As seasonal nasties, grass seeds can inflict misery on our canine friends. What are the signs of a grass seed problem and how come something so small can cause a rather big problem?
For such tiny objects, grass seeds can cause a lot of trouble, especially in the summer months. Dogs often get them lodged in their ear canals, or between their toes when romping outside or on a walk, and they can cause a lot of pain and irritation.
It’s hard to dodge the problem entirely, since dogs love being outdoors and need regular exercise, but some grasses are particularly worth avoiding. Foxtails, for example, are grasses with razor-sharp seeds that resemble little torpedoes in the shape of a fox’s tail. A common foxtail grass problematic to dogs is wild barley – the dry grass seeds easily attach themselves to an animal’s fur, then work their way down to pierce the skin or enter the ear canal.
Signs of the seed
The telltale warning signs to watch out for are the sudden onset of head shaking and paw licking, especially shortly after a walk. If your dog is pawing at their head and an ear, they might have grass seed lodged in their ear canal. Sometimes dogs will also hold their heads to the side in an attempt to shake it out.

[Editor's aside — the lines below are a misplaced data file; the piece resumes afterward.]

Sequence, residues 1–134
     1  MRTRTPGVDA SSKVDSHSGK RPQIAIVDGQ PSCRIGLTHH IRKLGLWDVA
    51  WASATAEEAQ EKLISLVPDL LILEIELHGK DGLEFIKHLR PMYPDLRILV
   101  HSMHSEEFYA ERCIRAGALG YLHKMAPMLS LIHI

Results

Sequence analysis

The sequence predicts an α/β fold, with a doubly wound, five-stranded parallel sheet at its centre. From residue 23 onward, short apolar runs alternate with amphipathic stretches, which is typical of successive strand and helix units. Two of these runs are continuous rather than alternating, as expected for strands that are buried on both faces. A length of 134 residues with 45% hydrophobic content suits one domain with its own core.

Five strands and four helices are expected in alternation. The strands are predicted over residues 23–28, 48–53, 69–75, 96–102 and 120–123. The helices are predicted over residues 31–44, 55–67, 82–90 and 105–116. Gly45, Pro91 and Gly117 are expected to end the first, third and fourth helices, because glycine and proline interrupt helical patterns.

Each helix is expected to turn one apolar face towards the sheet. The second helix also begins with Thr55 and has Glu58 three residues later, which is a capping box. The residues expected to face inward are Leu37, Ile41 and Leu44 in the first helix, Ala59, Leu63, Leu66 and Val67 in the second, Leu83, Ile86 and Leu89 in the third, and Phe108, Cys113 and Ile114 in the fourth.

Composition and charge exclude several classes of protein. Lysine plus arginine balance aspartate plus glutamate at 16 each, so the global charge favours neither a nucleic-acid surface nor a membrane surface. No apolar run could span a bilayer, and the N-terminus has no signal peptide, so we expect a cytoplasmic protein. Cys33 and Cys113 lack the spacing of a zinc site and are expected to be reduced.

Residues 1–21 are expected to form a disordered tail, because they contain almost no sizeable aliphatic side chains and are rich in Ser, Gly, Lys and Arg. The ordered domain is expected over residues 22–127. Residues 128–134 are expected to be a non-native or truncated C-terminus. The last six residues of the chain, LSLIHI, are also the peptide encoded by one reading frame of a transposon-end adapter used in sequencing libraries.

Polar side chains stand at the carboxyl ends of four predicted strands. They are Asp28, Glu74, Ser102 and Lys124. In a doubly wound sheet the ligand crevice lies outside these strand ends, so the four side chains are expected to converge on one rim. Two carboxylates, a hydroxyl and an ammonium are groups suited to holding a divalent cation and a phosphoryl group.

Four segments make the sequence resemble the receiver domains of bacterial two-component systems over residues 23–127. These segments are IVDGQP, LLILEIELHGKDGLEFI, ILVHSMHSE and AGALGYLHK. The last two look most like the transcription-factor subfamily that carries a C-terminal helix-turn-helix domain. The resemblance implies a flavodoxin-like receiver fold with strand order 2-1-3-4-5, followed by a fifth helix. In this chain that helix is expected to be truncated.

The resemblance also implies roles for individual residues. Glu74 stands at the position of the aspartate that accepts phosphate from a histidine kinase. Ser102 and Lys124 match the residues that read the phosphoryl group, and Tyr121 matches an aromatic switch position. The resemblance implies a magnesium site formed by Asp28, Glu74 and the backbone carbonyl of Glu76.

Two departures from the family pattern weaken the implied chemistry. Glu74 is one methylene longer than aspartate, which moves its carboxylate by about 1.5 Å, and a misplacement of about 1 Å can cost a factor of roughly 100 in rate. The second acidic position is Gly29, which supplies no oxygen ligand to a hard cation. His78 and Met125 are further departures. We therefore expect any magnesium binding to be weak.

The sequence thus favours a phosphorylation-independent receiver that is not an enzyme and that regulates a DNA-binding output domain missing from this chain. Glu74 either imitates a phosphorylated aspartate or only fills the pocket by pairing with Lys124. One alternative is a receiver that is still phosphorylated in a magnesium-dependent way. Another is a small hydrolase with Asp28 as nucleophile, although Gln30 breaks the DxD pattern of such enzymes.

It’s a good idea to check your dog all over for any lurking grass seeds after every walk, as they can become stuck in a number of places, including eyelids and lip folds, as well as the paws and ears.
If your dog has grass seeds lodged in the skin between the toes, you may see a red raised ‘boil’ that the dog has been licking for a day or two. There's often a small hole and sometimes the tip of the grass seed may be visible. The dog's paw may be swollen or sore if the grass seed has moved into the foot.
Grass seed treatment
If your dog has a grass seed lodged in their ear canal, you won’t be able to spot the seed because it will be trapped deep inside, but a vet can make a diagnosis by using an otoscope to look down the ear canal and remove the seed with forceps if necessary. Due to their pendulous ears, Cockapoos, Cocker Spaniels and Springer Spaniels are the most commonly affected breeds.
If you see any signs of lurking grass seeds on your dog, you should consult your vet for advice as soon as possible. After removal of the seed, often under anaesthetic, the dog is usually treated with painkillers and antibiotics to counter any infection.
All breeds with hairy ears and feet are at particular risk from grass seed, but you could take preventative action by avoiding long-grassed areas and keeping the fur around your dog’s ears and feet trimmed short during summertime.